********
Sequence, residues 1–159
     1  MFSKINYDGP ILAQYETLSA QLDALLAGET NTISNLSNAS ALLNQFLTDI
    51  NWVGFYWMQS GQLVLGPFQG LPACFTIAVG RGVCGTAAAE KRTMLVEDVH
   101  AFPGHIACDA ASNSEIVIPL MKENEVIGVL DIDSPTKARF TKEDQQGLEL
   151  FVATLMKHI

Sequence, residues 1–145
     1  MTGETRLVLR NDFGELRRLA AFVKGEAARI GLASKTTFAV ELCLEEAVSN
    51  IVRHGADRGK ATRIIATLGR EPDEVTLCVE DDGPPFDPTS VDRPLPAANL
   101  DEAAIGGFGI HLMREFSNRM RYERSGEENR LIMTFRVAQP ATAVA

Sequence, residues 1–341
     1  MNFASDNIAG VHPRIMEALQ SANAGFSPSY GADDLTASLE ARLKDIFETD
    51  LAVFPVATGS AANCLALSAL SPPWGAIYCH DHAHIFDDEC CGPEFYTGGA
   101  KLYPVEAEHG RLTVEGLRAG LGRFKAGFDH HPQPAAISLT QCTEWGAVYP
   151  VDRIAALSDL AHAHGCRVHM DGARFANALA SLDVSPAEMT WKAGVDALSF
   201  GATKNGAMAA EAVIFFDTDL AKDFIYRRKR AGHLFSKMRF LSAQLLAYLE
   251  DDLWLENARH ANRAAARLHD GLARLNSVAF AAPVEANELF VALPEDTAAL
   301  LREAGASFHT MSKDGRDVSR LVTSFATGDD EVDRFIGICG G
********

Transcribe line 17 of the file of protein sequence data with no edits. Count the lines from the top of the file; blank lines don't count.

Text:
   301  LREAGASFHT MSKDGRDVSR LVTSFATGDD EVDRFIGICG G